Showing posts with label Mark Warburton. Show all posts
Showing posts with label Mark Warburton. Show all posts

Thursday, 16 March 2017

Bread men - the final insult


I thought long and hard about this entry. I have rarely spent such a spell deciding whether or not to proceed with an article on this site, but this one was a source of much conflict.

On one hand there was the school of thought that we should let sleeping dogs lie, move on with our lives and stop living in the acrimonious past. But on the other was the simple inescapable truth of what happened, and how it deserved a final summation given what a huge deal it was and still is to the modern and classic history of Rangers Football Club.

This site was probably the only one willing to actually criticise the Bread Man. For some unknown reason we could not fathom, a great majority of Rangers fans considered him the Messiah and transcended him above criticism, literally until the final two months of his time at Ibrox.

Monday, 6 March 2017

Is Pedro Caixinha the right man for Rangers?


On the face of it it is an astonishingly left-field appointment. While not confirmed yet, unless something wildly unpredictable happens, Pedro Caixinha (‘Cash-sheen-ah’) will be the new Rangers head coach under a Director of Football, at this time looking like being newly-available Paul Mitchell.

I will not lie, like 99% of you readers we had never even heard of Caixinha before we learned of Rangers’ interest in him and brought it to you here, and what little we have gleaned of the man so far really fails to truly shed a great deal of light on what style he will bring to Ibrox.

Wednesday, 1 March 2017

Could this 20-year old defender be one for Rangers' future?

Article by: Richard Fillingham
 
I would like to highlight a situation that happened before the Rangers U20’s 1-0 win over Kilmarnock. The match was played at Murray Park, (or is it still called The Rangers Football Centre these days) on Tuesday 28 February, and our last signing, 6’ 4” centre half David Bates was placed on the bench as a substitute and seemingly deemed not good enough to start the U20’s game. Two subs were brought on (Abaradan 45’ + Atayaki 65’), before David was brought on late in the game and scored Rangers’ only goal.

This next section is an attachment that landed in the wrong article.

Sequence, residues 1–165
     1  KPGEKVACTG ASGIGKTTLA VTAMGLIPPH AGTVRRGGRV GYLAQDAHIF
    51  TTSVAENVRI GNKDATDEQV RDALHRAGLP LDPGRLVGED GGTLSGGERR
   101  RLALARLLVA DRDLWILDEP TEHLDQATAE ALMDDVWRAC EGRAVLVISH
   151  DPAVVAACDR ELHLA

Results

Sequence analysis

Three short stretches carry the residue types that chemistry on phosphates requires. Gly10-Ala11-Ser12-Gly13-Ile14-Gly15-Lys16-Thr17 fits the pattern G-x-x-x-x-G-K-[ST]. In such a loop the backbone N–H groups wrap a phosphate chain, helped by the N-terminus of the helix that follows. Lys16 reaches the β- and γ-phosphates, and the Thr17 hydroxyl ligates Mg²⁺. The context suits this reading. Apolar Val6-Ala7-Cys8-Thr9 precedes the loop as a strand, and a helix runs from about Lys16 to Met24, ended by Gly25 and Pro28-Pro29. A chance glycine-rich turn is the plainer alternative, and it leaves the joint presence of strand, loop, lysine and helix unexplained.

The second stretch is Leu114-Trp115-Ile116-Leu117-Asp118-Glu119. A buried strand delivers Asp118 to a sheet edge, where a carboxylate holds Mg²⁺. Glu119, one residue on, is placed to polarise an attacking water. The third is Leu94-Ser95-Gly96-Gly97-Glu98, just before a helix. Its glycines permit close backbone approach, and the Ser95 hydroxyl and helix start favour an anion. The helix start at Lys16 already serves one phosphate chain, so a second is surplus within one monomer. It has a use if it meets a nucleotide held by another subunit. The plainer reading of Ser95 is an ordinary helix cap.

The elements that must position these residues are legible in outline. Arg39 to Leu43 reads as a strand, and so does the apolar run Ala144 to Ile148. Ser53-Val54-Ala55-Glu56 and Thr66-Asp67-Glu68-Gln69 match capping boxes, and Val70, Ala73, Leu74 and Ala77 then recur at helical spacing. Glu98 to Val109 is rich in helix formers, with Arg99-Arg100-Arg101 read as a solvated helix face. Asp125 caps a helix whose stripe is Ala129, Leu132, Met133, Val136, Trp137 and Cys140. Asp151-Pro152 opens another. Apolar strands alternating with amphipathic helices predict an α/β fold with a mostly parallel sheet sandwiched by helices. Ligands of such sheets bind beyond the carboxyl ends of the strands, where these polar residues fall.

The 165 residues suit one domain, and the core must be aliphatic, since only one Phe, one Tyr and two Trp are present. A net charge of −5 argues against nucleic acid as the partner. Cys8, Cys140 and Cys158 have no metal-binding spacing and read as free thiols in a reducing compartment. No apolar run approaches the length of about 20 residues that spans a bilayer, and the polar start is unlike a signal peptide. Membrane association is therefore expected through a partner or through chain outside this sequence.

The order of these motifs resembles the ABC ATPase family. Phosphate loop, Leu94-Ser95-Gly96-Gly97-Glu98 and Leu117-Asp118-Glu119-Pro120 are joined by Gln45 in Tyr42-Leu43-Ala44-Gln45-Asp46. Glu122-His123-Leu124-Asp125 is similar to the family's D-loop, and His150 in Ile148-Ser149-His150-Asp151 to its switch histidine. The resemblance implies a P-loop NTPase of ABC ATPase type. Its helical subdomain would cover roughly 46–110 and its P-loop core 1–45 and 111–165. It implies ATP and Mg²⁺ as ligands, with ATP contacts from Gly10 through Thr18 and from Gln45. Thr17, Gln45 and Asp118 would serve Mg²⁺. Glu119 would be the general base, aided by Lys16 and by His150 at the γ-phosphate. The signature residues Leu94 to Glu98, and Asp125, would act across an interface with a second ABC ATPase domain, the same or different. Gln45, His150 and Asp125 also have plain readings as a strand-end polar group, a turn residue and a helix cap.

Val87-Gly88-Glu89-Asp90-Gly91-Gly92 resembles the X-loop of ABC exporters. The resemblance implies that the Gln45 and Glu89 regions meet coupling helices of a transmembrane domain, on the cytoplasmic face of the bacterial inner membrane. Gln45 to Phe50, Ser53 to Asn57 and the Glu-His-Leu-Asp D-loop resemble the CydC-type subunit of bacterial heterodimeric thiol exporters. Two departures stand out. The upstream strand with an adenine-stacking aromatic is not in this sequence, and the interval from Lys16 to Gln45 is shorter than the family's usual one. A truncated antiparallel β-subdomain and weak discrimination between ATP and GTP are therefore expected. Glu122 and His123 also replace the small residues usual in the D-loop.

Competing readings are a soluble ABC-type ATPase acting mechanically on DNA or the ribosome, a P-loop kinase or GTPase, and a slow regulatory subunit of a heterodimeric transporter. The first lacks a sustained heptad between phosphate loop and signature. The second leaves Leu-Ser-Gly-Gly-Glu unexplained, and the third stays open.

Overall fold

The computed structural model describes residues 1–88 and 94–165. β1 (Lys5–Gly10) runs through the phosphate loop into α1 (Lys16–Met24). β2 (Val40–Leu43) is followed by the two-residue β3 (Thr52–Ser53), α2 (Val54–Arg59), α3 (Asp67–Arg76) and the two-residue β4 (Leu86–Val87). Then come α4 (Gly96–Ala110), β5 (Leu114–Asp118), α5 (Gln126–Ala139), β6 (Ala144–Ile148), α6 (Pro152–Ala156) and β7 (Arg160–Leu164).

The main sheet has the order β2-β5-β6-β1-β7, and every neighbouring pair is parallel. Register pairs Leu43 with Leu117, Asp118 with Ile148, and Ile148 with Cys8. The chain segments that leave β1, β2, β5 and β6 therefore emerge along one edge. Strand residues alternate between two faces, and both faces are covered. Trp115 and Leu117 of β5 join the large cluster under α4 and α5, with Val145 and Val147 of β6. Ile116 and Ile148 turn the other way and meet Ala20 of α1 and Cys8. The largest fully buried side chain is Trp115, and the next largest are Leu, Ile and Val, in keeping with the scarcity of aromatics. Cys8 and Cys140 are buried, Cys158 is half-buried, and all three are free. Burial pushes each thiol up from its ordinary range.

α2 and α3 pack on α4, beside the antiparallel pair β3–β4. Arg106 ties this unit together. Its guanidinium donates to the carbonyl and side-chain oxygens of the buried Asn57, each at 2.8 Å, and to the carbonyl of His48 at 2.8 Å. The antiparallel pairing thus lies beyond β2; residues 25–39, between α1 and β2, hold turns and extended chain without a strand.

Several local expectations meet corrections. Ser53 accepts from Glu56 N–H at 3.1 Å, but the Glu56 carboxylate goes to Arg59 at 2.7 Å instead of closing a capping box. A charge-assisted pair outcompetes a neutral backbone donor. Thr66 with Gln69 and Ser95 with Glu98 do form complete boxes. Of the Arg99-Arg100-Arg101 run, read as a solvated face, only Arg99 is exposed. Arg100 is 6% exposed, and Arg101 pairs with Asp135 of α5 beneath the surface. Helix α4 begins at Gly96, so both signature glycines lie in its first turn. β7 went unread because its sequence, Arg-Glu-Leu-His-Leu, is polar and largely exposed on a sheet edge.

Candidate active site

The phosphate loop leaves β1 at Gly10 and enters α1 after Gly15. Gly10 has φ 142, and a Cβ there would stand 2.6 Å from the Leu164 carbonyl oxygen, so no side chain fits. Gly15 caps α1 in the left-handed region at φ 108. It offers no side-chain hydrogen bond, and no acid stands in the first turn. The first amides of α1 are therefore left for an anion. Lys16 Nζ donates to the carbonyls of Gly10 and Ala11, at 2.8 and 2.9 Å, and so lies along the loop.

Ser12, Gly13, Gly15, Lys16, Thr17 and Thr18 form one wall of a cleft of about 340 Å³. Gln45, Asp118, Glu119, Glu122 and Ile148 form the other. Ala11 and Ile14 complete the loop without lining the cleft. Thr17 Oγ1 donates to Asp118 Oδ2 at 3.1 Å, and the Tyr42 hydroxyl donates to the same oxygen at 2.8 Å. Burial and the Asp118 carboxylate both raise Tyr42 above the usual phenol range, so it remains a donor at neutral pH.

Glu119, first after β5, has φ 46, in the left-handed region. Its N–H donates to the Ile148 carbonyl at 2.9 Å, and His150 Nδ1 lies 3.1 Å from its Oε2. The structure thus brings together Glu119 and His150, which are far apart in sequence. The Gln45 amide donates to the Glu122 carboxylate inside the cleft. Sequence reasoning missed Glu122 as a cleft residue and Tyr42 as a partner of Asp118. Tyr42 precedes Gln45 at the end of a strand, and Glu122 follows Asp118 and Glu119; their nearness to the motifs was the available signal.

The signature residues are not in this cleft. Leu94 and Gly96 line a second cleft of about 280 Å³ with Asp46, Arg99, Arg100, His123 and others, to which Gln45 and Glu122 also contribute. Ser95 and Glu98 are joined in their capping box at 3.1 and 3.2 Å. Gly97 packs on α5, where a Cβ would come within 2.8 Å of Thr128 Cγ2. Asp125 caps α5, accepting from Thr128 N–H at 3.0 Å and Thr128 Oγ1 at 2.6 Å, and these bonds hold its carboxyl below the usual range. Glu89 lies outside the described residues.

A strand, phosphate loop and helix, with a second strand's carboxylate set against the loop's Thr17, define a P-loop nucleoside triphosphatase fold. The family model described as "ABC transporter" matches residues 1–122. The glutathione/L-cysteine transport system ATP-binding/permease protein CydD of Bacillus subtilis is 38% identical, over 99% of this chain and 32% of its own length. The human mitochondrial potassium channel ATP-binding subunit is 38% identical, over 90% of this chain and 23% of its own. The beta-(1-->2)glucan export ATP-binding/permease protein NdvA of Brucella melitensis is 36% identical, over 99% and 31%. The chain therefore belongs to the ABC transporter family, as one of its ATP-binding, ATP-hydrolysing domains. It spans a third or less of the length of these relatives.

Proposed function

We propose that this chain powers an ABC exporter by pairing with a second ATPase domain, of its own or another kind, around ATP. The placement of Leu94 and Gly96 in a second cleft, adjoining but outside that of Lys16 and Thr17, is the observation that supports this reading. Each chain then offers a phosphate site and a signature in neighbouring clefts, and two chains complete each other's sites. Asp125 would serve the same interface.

Rangers U20’s team: Alnwick, Bradley, Beerman, Ashmore, Ross McCrorie, Wilson, Burt, Barjonas, Gibson (Atayaki 65’), Windass (Abaradan 45’), Lyon

Monday, 27 February 2017

Manager search; Rangers' future depends on it


Pretty clearly fans are getting restless. Rangers have gone ‘too’ long without a manager, and it is evident that the longer it remains the case, the more the Club will suffer. Supporters are frustrated understandably with the sheer amount of speculation, rumours, counter-rumours, claims, counter-quotes…

In the past 24 hours Barry Ferguson became assistant coach and U20s chief before being removed from consideration altogether, while Ross Wilson was appointed Director of Football before Rangers ever even made contact with him. If they ever even did.

Saturday, 25 February 2017

Rangers' search for a manager reaches Blue Alert


When Rangers beat Celtic then won promotion in April last season, the future looked bright, assured, and the direction of the Club finally appeared to be going towards success rather than mediocrity. It seemed we had a progressive, forward-thinking manager who had a full summer to iron out the defensive chinks in his armour while signing the right players to shuffle his troops efficiently into the top flight of Scottish football.

Unfortunately, as it turns out, winning promotion on April 23rd was literally the last good thing to happen to Rangers and the performances, results, and general press since that explicit day has been mostly extremely negative. It was even negative the fixture earlier when Rangers were taken apart at Easter Road again in a result most fans dismissed out of hand. Unfortunately that day in Edinburgh was a depressing prophecy of what was to come, and Rangers have toiled miserably now for the best part of a year to produce anything like what we expect of a Rangers team.

Wednesday, 22 February 2017

Are these three men Rangers' worst-ever managers?

 Article by: Richard Fillingham

In my honest opinion, Ally McCoist, Paul Le Guen and Mark Warburton are the three biggest failures that Rangers have ever had in management. If I have missed anyone as inept as those, please correct me.

Ally McCoist failed miserably to take us from the Championship into the SPL because, he signed too many poor players that couldn’t beat average teams – does it sound familiar to Warburton?

He was reputed to earn £860,000 a season by the old board for winning Scottish football’s two lowest divisions – an absolute disgrace! He also took the team to Trump Turnberry on the Friday night on their way to play Stranraer on a Saturday – at what cost to Rangers who were short of money? Idiotic!

Friday, 17 February 2017